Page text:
However it turns out that:

is an unbiased estimator of the variance of X (ie ).

Therefore if you have a sample x_1, x_2 , ... , x_n of values from X you should:

1) Use the formula with (n-1) if you want to estimate the variance of X
2) Use the formula with n if you want to calculate the sample variance.

(As it happens will not give an unbiased estimate for the standard deviation of X, since the square root function is non-linear. However, it is actually impossible to find an unbiased estimator for the standard deviation in the same way we did for the variance, so square rooting s^2 is about a good as we can do to estimate the standard deviation of X)
7. (Original post by metaltron)
I'll talk about variance mainly, which is just the square of the standard deviation.

I''ll first explain how you might derive a formula for the variance, which is designed to be a measure of how spread out your data is. Suppose we measure something n times, and we get values x_1, x_2, ... , x_n.
Let x(bar) = (x_1 + x_2 + ... + x_n)/n.

We want to work out how spread out the data is from the mean, so the quantities will be important for 1 <= i <= n. So we could take the mean of these as a possible measure of spread (average difference between value and mean), however (Persuade yourself that this is true!) so this is a rubbish measure of spread!

The easy fix is to take the average squared difference between each value and the sample mean and then we do get a measure of spread in that the higher the variance, the bigger the spread about the sample mean:

Since we squared each value when we calculated the variance the units are all wrong, which is why the standard deviation is also useful since square root now gives you back the correct units.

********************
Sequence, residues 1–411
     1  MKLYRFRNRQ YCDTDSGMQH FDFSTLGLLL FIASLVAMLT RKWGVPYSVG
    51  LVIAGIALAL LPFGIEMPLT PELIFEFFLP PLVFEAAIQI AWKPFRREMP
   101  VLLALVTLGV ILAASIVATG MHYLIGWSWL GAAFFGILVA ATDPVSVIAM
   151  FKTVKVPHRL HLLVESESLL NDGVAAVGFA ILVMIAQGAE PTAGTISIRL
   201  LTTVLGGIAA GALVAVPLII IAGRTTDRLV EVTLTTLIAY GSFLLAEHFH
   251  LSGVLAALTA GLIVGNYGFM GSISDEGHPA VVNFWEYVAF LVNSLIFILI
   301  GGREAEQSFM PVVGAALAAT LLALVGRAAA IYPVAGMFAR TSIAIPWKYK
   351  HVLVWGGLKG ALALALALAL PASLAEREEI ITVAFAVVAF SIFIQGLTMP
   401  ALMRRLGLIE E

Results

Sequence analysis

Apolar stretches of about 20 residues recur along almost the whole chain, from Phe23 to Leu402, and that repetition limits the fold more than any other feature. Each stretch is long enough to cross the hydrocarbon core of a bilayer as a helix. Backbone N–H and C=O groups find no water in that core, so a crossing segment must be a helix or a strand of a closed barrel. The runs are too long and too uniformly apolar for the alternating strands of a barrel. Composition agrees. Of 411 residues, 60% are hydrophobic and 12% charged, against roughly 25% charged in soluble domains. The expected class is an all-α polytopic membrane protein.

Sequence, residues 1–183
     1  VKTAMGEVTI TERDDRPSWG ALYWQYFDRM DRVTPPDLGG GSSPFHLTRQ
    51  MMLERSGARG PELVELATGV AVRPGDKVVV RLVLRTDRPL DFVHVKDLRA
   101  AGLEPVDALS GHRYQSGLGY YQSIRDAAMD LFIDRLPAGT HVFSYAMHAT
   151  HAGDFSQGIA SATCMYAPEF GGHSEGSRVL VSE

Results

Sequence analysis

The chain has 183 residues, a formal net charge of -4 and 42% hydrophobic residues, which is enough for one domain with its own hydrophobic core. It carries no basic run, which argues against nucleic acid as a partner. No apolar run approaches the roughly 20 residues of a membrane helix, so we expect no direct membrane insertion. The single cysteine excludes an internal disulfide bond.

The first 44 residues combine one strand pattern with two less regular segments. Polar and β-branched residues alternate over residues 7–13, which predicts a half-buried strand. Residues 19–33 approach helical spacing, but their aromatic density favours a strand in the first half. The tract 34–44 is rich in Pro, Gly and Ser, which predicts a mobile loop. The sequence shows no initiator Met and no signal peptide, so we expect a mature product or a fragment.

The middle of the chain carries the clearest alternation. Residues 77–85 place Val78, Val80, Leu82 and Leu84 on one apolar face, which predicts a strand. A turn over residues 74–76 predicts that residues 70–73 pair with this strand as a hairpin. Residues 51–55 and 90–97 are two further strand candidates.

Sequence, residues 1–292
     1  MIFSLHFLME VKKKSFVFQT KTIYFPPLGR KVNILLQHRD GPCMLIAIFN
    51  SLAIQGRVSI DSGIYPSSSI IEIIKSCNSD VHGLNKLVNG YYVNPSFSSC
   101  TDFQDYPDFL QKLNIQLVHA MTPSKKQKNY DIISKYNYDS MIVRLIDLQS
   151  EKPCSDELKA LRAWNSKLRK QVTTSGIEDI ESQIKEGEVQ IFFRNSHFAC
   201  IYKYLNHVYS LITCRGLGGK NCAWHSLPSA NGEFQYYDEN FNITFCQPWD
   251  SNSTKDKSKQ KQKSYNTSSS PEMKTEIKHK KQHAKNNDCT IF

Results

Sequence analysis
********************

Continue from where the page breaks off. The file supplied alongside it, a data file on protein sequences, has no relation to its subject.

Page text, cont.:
Now notice that:

So we have the alternative formula:

So now suppose we have a random variable X. Then X will have a mean and a variance, call them and V. However, we don't know what the values of the mean and variance are. For example, suppose we are calculating average human height, then we don't know exactly what the mean/variance is, we can only get a rough idea by taking a sample of humans.

So say we have a sample x_1, x_2 , ... , x_n of values from X. Then if we want to estimate it turns out that the sample mean is a good estimate (in that its expected value is equal to ) . We say that is an unbiased estimator of the mean.

Now let be the sample variance. It turns out that this is not an unbiased estimator of the actual variance of X, it is expected to be slightly lower than the actual variance of X. This is because the sample mean is unlikely to be the actual mean, so the data is likely to be less spread about the sample mean (which is what the sample variance calculates) than about the actual mean.

However it turns out that:

is an unbiased estimator of the variance of X (ie ).

Therefore if you have a sample x_1, x_2 , ... , x_n of values from X you should:

1) Use the formula with (n-1) if you want to estimate the variance of X
2) Use the formula with n if you want to calculate the sample variance.

(As it happens will not give an unbiased estimate for the standard deviation of X, since the square root function is non-linear. However, it is actually impossible to find an unbiased estimator for the standard deviation in the same way we did for the variance, so square rooting s^2 is about a good as we can do to estimate the standard deviation of X)
Thank you so much for this explanation. Really well explained, this clears up pretty much all the confusion I had and more!